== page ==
A bit more snow did arrive last night, and continued to fall sporadically all day. To be honest it wasn't much, especially compared to some other areas in Kent. When I was a kid, it would have been put your wellies on and walk to school. In this age of over reliance on cars and an age of being totally risk adverse, the country has ground to a halt.
Looking East you can see the paddock behind Foxley has a good covering of snow. I didn't see any horses out there today, it was certainly pretty cold.
The garden had a good covering and I'm not at all sure if a Badger visited last night. There were some prints out side the back of the house that may have belonged to one, but on the other hand there are a lot of moggies and Foxes around. If I do leave peanuts out the large number of pigeons, that seem to see our garden as a cafe, descend on them early in the morning, forcing me to get cold toes if I want to save them for the following evening.
The cars remained like this all day as neither of us attempted to go far. I got as far as next door to check that Chris (the old biddy) was OK, only to find she'd already trotted off to the shop to get her paper. When she came back she came by to see if we were alright, we must count as "old folk" who need checking on in adverse conditions!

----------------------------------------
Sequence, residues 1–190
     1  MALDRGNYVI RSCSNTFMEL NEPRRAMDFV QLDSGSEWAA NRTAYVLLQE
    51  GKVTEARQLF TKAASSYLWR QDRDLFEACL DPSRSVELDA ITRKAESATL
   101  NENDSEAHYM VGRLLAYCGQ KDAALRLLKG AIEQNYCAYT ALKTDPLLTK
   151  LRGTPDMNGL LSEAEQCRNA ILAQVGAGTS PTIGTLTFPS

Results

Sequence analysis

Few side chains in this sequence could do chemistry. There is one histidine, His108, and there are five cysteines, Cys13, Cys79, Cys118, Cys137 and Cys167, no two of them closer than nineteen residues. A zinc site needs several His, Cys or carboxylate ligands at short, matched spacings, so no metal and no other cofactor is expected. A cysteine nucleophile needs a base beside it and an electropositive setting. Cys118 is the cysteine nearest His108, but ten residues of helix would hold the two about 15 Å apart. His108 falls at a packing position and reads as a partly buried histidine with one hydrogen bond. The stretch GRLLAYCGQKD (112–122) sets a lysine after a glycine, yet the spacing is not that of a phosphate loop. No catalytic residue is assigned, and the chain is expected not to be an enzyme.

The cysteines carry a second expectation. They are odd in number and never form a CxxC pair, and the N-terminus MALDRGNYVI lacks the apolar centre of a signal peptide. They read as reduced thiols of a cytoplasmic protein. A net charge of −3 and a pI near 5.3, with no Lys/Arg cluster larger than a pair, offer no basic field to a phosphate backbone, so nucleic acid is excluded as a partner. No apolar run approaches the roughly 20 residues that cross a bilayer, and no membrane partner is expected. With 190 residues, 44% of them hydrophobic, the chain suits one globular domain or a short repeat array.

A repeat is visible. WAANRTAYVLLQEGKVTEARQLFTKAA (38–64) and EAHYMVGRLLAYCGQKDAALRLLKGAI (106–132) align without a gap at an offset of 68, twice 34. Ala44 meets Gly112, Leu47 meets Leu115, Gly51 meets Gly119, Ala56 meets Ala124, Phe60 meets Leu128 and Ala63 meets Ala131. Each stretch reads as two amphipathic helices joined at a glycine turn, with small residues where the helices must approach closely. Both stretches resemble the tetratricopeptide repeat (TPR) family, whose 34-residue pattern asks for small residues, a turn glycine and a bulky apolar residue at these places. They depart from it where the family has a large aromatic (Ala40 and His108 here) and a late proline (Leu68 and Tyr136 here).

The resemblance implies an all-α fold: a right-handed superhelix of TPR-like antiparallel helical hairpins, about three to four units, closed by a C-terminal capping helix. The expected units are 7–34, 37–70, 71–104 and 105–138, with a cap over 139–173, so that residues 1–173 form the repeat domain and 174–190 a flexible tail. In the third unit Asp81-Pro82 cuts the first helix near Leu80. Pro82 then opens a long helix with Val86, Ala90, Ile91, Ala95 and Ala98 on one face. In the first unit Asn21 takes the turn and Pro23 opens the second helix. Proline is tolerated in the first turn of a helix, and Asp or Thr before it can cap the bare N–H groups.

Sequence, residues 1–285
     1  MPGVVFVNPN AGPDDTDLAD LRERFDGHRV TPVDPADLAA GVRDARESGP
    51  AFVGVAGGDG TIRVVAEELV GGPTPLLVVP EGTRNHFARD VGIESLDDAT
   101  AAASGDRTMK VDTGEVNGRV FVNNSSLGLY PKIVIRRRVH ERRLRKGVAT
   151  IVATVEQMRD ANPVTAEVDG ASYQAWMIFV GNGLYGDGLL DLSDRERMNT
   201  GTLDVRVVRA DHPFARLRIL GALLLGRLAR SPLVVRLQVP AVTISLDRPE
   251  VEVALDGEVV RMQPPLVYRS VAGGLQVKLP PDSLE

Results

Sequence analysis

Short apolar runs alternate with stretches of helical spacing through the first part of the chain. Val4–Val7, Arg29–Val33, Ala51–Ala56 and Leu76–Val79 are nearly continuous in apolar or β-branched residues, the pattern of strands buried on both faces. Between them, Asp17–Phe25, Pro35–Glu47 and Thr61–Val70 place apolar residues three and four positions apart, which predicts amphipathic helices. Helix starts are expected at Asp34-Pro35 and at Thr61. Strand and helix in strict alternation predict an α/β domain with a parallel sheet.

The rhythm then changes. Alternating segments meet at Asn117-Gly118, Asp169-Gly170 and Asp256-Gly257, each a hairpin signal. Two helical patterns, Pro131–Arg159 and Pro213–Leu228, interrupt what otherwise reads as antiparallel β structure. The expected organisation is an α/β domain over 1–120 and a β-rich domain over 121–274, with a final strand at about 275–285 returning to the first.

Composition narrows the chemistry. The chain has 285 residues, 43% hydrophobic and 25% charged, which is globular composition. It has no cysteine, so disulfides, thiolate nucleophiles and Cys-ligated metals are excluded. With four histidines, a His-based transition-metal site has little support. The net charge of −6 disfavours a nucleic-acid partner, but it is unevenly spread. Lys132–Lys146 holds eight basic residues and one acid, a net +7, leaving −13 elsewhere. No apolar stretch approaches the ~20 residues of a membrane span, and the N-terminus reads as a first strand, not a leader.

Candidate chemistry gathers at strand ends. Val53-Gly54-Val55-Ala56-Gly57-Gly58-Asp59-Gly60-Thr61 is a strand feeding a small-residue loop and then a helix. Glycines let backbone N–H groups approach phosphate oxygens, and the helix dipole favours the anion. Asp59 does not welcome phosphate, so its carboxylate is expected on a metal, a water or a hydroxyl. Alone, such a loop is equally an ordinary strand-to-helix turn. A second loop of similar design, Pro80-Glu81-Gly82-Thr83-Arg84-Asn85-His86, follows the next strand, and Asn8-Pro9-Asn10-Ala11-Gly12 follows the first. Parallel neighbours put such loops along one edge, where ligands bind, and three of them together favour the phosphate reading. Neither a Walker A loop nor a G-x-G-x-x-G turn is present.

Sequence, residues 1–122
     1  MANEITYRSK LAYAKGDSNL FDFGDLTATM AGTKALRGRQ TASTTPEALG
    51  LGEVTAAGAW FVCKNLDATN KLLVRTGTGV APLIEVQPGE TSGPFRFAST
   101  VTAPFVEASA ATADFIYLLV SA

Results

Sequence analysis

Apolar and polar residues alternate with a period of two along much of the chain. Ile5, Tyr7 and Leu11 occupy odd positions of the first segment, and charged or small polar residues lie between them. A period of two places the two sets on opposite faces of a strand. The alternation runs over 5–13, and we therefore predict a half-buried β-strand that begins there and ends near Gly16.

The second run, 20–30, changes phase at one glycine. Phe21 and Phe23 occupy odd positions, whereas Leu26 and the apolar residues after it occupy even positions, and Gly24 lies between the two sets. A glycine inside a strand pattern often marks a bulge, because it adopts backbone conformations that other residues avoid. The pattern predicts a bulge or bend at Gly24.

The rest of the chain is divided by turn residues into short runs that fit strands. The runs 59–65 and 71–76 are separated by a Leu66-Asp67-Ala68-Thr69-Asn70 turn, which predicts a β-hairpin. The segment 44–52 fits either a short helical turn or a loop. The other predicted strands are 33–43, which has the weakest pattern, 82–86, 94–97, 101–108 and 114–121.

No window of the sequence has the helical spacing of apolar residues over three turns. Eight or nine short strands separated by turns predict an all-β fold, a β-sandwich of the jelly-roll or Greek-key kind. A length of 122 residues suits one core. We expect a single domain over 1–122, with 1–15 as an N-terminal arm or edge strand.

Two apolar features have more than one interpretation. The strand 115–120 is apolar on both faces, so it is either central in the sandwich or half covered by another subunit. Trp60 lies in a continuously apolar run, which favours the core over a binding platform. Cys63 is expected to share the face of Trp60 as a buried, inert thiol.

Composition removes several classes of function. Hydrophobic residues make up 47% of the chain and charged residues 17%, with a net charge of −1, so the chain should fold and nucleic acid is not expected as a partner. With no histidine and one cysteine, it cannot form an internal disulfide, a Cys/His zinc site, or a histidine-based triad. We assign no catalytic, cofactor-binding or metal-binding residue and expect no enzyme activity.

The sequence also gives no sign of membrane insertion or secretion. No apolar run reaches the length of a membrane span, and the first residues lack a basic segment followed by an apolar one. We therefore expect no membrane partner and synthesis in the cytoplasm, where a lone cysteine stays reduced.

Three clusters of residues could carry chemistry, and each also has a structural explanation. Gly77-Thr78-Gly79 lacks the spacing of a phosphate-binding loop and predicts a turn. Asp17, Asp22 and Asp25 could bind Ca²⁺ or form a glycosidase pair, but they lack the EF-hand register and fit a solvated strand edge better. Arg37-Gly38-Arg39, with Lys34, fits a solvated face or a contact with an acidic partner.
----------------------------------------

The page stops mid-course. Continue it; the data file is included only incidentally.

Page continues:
I did watch the comings and goings outside, what is it about Robins that makes them so photogenic. One thing I didn't see today was a single House Sparrow.
As well as this Grey Wagtail, a first for the winter in the garden, a Song Thrush came down to bath in the "stream" It kept it's back and tail towards me nad dashed into the bushes as soon as it finished, obviously camera shy.
A Pied Wagtail completed the pair and spent most of it's time just out side the window. It been around the area for a while, often calling for a roof, but it took the harsh weather to bring it down to the feeding station.
There were several Great Tits around, dashing in for a seed and the straight into cover to eat it, and then returning for the next one. They could save a lot of energy if they adopted the more sedentary approach of the Goldfinches.Although there are lots of berries left on the bushes there are also an incresing number of Blackbirds queuing to eat them. Well, not really queuing, more squabbling, a bit like the french at a bus stop. This youngster worked out the best strategy was to come over to the patio and wait ofr the seeds that the finches dropped.
I think that this Robin would have come right in if I'd opened the doors. He seemed to be looking at me, in my comfortable chair, cup of tea and warm house with some envy. We'll try and find some treats for him tomorrow, sunflower seeds must get a bit boring.
While it was snowing I noticed this Magpie clinging to a nearly empty fatball holder. I haven't got any at the moment to replensh it, and this is the first time I've seen a Magpie actually on the feeder. When I can get out to Malibu Grains at Shatterling.